Michigan Psychologists Study the Affect of Pandemic Isolation

Plus, other intriguing findings from researchers across the state
pandemic isolation
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Here in the Mitten State, researchers are studying the affect of pandemic isolation; the risk of lesbian, gay, and bisexual people developing dementia; and how noise and light disrupts bird breeding. Here’s a closer look at these studies:

Who is most affected by pandemic isolation?

People who possess “psychological flexibility” are more likely to avoid becoming depressed or anxious when forced into the kind of isolation brought on by lockdowns and quarantines, researchers at Western Michigan University found. Psychologist Brooke Smith and doctoral student Alex Twohy surveyed 278 people during a three-week period at the height of the pandemic last spring. They found those capable of remaining engaged and active even when confronted with a lonely or uncertain situation fared better. Their research, published in October in the Journal of Contextual Behavioral Science, suggests “acceptance and commitment therapy,” a therapeutic approach shown to be successful in treating other difficult-to-control challenges, including chronic pain, could be effective in helping patients struggling with or overwhelmed by diminished socialization caused by the pandemic.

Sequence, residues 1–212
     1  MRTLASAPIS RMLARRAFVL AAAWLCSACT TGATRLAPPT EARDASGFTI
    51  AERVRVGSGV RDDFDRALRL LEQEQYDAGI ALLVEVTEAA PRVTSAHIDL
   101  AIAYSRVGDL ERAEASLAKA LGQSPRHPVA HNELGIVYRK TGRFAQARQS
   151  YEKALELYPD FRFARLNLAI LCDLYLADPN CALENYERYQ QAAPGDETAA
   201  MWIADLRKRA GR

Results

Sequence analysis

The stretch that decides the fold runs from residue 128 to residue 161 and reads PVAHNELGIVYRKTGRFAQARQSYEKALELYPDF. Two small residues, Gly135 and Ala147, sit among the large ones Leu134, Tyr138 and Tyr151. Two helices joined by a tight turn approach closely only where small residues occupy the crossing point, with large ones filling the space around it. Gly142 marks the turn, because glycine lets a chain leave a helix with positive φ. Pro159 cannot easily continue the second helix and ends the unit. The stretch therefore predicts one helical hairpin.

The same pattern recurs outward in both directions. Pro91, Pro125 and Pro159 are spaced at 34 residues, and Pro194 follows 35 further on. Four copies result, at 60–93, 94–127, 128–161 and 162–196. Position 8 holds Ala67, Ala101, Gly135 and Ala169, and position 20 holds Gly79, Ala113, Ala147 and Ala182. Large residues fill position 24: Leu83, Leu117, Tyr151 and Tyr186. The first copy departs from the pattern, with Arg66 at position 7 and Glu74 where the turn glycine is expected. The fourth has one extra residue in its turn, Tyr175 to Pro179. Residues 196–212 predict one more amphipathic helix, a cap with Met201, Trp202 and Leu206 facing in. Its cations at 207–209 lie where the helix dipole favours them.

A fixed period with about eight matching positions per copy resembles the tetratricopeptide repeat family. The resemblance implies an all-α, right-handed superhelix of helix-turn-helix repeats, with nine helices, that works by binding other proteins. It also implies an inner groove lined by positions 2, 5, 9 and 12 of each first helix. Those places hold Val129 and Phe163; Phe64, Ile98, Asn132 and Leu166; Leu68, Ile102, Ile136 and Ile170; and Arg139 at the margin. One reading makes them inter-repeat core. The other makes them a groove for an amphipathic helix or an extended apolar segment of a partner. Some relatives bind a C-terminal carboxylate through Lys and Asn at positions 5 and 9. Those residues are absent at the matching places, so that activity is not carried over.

LGB seniors at higher risk for dementia

A study of the cognitive skills of more than 3,500 older people found lesbian, gay, and bisexual people are at higher risk of developing dementia than the heterosexual population, according to research led by Michigan State University sociologist Ning Hsieh that was published in the journal The Gerontologist. Hsieh says the research suggests that stress and depression earlier in life, perhaps brought on by societal bigotry, may contribute
to the development of brain disease later. Hsieh’s work did not study how similar factors affect transgender people.

Human noise, light disrupt bird breeding

The populations of several North American birds have declined in recent decades in part because artificial light and sounds confuse winged critters and throw off their mating rituals, according to a study co-authored by University of Michigan conservation ecologist Neil Carter and postdoctoral researcher Mark Ditmer published in the journal Nature in November. The researchers examined data from 58,502 nests representing 142 North American species of birds and found light pollution from cities and noise from auto and airplane traffic interfere with mating calls and timing. 

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